that you'havo never bet on a horse, race—
you tell me, this solemnly and earnestly,
!mowing \ that my heart will not let me judge
harshly any action of yours. No, Ethelbert';
I love you-with a maddening,, oinety-days
oriten-per-oent-off-for-cash trust that is be
yond compare, but I cannot let you atircie
that trust. I am but a girl -4 . sensitive,
passionate, one-bustle-and-a-fornidolkir-bang
girl, but I am not a chump "--- - -and Myrtle
turned to eider the parlor.
"Bat I swear it!" exclaimed Ethelbert
"I swear to yon.that I would not bet four
dollars against ten that Maud 8: could beat
three'minutes." • -
"Yon would not ?"lasked the girl.
"No," was the reply. ," I would not bet
on anything."
"_Then," said the girl,. ; speaking slowly,
and with grave tendero i ass. t, you had bet
ter head for the gate. I can never. place my
happiness and chances for spring bonnets in
the bands of a man who Would let so sure a
iilking as that get away."--Chicago Tribune.
At the time when the Nantucket whaling
trade was at its zenith a sperm whaler from
that port, in the Pacific, bad the misfortune
to lose the black cook. Now, while this im
portant functionary lay on,the 'plank in tho
gangway, shrouded in his canvas cover,
sewed up by the sailmaker ready for burial,
and all the ship's company were mustered
around the ride bier, save the lookout men,
aloft, the Captain engaged with all due
gravity reading the burial service, the ship's
bell solemnly telling, and all the air filled
with the solemnity of the moment, a lofts
man, suddenly discovering the spout of a
whale, sang out lustily : ." sh — e
blows l" Before the lookout had time i f , re
peat the ever-welcome words the now ezci
-ted skipper dropped his boa, Bakal his
glass, and, jumping into the rigging, bound
ed aloft at a fifteen knot rate. His glass
noon proved the tro th of the lookout's , cry,
and from his lo ft y ' perch' the skipper_ bel
lowed out, as only a sailor - can :
• " Kaock'off tolling the bell
• 1 - 01 ear away the boatel')
"Heave that nigger overboard r
they hove him.—. Burlington
Eirawkeye. •
The poet's laurel wreath she (loth not wear,
gine° In her busy life she seldom writes
The poems, that she lives ; yet on the heights
With tinily° sympathy her seal cloth share
The poet's keen delights.
• • .
She neither seas nor gains the worithi acclaims
Tho Ugh rarest gifts are hers of mind and face ;
More proud Is she to till her simple place;
And wear what seeln todier the dearct names
That womanhood'ean grace. I
Her Joy is to guard her lobed from pain,
To takefrom them the burdens hard to btu;
To give her days, her nights,lier life, to edi‘e
For th ose who, loving her, yet entertain
Their angel unaware.
And more than artist's patience she doth give
To tasks of motherhoW, since not alone
High dreams are clothed in color, form or ton:.,
Wrought from the lives that human beings live:.
Is highest beauty known.
On such as she tin; world may not bestow
Its vain applause ; far from all vulgar strife
She dwells content, if .throughher hidden life
Mr loved the Meaning of the name shalt know
Of mother and otwile. ' .
Uncle Jim; Baker, who lives on Snake
River, Wyoming Territory, has a history
not equaled by any living man. Since the
'ear of 1832 ho has Warned the far West,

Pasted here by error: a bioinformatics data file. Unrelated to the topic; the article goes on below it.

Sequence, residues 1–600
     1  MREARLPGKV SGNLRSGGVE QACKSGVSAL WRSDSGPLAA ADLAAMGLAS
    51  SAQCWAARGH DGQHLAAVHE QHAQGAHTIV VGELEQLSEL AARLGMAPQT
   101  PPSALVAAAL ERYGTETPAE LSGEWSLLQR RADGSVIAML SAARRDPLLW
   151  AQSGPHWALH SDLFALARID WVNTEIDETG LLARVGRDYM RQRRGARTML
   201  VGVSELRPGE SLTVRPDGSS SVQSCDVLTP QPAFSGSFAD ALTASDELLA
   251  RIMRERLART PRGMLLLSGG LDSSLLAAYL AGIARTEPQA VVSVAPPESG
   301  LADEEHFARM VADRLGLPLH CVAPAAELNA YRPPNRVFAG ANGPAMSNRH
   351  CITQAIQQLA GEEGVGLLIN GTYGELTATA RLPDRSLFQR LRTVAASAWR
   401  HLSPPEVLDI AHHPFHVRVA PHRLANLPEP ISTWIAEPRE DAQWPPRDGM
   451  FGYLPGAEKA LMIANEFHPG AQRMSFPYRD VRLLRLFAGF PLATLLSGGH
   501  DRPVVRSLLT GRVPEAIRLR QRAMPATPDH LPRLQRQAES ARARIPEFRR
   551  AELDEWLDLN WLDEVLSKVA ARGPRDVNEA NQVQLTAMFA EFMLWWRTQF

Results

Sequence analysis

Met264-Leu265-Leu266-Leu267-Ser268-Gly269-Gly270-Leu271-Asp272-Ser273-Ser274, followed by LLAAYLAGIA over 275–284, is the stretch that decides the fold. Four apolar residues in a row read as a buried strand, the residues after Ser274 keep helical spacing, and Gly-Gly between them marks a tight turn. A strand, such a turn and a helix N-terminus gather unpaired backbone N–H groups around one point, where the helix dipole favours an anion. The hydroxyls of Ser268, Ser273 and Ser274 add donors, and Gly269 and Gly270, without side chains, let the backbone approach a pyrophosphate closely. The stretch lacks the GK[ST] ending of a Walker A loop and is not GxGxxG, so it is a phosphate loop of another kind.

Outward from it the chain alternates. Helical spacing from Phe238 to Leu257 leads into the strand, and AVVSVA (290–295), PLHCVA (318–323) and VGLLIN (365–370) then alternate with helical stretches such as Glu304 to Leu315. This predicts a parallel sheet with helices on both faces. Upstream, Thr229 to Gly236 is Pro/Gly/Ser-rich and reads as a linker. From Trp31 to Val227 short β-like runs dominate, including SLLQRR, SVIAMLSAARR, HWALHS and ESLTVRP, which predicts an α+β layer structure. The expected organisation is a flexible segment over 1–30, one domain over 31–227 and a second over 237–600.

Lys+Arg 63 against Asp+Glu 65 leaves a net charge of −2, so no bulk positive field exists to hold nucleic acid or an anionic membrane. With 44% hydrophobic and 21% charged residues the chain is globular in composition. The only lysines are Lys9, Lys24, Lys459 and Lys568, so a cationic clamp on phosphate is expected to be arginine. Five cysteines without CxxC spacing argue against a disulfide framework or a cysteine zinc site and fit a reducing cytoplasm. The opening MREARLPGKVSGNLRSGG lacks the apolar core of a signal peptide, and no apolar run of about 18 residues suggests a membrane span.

"always on the
,frontier. He is • widely and
justly celebrated, and his experiences and.
exploits-on the plains and in the* mountains
will be vividly recollected by tho "old in
habitants " who were tenderfeet in the
country when ho ; Was au apparently old
man. He is betureen 60 and 70 years of
ago now, and is in appearance the typicaf
western man, although showing the weight
of years. His king curly hair, which was
once. dark brown, is nowetreaked nith gray,
while his heavy mustache and goatee are ,
almost white. Six feet tall, ho is straight 'a , i•
ran arrow and steps with the sprightliness of
a young man.
When a small boy; Jim 'ran away from,
home, and indentured himself,to the service
of the American Fur Company. He served
hitt time out with them,' and then Went to'
trapping beaver for himself. He'frequently
made $lO a day. He followed the avoca
tion for eight year, and then took part 'iu
the Mormon War.•
About this time Jim relates how the forty
men in his, company got snowed in, in what
is now the Gunnison country, and over half
the number, died of starvation. The mules
were killed and eaten, but Jim says they
were, so . poor that there was not flesh
euough on ono of them to mI I A ke a meal . for
one than. The remnants of t band filially
got sant of the country into Utah.
After the war he spent a number of years
in trapping. He then identified himself
with the Shoshones, and 'after a few years
becathe their chief, leading them in many
battles against ;the Blackfeet, who were
mortal enemies of the Shoshones. For three
yearsdidnever saw a white man. One day
ho beeame angry while in council with the,
sub-c lets, and killed three' of them out
right He then found it too worm for him;
oud he attempted to make his escape out of
the country.' It :is said-by Jim's friends
that the tribe followed him for 700 miles;
and that in . the, fight he killed scores of
them, being wounded several times himself.
Since. that time he has never found it ad,
_visable to go back to them.
' " Did you marry into the 'tribe ?" was
asked. , • -
" Yes, 1 alwayw had a squaw ; sorueti:ixes
two or three," ho said , nomehalautly.
Jim is badly used-lip, owing to the mita
,ber of times he has been shot and accidents
that have occurred to him. A portion of
the right hand is entirely gone. He lost it
while shooting at a target with the late Cap
tain Jack: ofthe! Tites, in 1 tii;•i. Jiff was
then interpreter at the White. Itiver*,ency,
while Maj: Oakes, uov4 of -Denver, was
agent. When. Jim fired, his first_ shot the
carbine exploded, tearing off a piece of the
hand,.,breaking a jaw,.